Too long of a drive. No car. A bunch of water is in the way. There are many situations in which regional flights are the most practical way to travel. To that end, Orca Airways' fleet of 18 small aircraft regularly travel between five airports along the Pacific Rim that serve Vancouver, Victoria, Parksville, Abbotsford, Tofino, Ucluelet, and Qualicum Beach. With large, cushy seats, their Piper Navajo Chieftains and Beechcraft King Airs zoom travellers through the air in relaxing comfort, like when Louis XIV was catapulted from Marseille to Paris in his throne. The flights are ideal for trips to business meetings or weekend vacations. Additionally, Orca charters its aircraft for travel throughout Canada and the United States.
Whistler Direct Shuttle transports passengers safely to and from the winter sports scene, nightlife, and recreational opportunities in Whistler. Their fleet of luxury coach buses also handles small- to large-group charters with ease.
Owned and operated by a Class 1 professional driver, Just Drive Driving School provides one-on-one lessons customized to suit all driving needs. Conveniently open seven days a week, Just Drive gets patrons on their way to the freedom of the open road with a series of one-hour lessons in a dual-equipped vehicle, which allows instructors to take control of the car when students need extra guidance. Manual-transmission classes are also available for those who think an H pattern is something you iron on to a shirt. In addition to lessons, Just Drive also provides vehicle rentals for road tests.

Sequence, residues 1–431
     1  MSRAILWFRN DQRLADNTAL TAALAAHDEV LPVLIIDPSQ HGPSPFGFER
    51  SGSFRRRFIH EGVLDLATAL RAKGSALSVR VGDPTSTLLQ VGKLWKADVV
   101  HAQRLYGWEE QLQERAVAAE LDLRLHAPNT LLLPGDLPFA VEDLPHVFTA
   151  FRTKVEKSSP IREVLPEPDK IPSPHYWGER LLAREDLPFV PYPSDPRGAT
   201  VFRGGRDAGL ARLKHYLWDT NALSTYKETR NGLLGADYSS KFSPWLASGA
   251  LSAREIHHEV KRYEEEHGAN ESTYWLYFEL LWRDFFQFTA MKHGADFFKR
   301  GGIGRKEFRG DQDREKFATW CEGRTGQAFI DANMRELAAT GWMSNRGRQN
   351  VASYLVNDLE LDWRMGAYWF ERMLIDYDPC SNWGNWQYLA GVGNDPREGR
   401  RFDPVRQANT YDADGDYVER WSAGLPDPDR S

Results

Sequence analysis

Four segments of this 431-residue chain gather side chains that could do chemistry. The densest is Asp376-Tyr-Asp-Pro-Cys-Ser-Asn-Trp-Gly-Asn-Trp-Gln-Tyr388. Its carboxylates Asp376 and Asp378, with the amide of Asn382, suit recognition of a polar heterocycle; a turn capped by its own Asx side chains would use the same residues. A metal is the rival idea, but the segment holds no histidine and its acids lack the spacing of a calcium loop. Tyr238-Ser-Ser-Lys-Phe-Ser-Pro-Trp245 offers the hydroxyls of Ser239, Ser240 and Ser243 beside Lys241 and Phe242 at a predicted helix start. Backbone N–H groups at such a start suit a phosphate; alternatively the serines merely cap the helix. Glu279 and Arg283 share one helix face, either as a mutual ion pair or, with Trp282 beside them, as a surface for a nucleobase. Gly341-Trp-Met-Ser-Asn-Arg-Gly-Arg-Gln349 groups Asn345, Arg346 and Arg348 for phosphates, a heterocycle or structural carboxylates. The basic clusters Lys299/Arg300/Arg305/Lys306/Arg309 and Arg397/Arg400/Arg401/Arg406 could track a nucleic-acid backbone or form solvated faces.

The pilots of Island Express Air ply the skies above the West Coast, armed with years of training and the latest XM satellite GPS technology. They nimbly manoeuvre compact aircraft to Abbotsford, Victoria, Tofino, Nanaimo, and Vancouver South, flying low to provide incredibly scenic views. They lend their services for chartered flights and also run regular routes for the frequent business traveller.
The Sequim Lavender Farm festival transforms scenic Carrie Blake Park into a fragrant oasis celebrating the bounty of Sequim-Dungeness Valley's lavender harvests. After arriving at the festival via bus and ferry, herb aficionados can peruse more than 150 booths bursting with lavender-laden goods produced by members of the Sequim Lavender Farmers Association, as well artisanal crafts, international foodstuffs, and wine gardens. Carrie Blake Park also serves as a launch pad for bus tours that wind their way through seven regional lavender farms, encompassing 50 acres and 100,000 soil-bound lavender plants. Fair-goers can frolic through each farm's visually unique fields, picking their own lavender to fill vases or grace boutonnières for lonely scarecrows. Workshops, demonstrations, crafts, and live music also pepper plots, rendering each farm a festival unto itself.